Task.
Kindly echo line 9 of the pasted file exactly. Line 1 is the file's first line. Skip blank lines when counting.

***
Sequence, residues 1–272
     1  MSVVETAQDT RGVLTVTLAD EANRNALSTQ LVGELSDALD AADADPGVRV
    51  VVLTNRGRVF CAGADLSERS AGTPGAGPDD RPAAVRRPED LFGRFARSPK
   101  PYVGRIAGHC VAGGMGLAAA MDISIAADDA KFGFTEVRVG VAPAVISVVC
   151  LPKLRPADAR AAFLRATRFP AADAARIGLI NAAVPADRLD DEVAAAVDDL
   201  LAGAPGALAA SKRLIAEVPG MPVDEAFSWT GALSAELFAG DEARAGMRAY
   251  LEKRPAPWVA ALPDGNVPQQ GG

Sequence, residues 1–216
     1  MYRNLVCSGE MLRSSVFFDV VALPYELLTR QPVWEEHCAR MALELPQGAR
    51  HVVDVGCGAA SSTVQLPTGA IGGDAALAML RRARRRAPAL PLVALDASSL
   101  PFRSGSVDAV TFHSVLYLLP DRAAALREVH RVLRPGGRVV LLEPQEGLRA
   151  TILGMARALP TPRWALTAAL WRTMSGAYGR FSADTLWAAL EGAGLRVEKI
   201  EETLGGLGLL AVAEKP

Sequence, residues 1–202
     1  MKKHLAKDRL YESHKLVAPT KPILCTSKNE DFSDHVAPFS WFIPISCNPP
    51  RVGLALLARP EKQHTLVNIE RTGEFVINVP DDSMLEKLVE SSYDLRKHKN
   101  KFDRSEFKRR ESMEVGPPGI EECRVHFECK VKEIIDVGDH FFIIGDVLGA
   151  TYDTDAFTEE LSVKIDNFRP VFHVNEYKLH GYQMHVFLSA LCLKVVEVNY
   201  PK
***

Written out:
     1  MYRNLVCSGE MLRSSVFFDV VALPYELLTR QPVWEEHCAR MALELPQGAR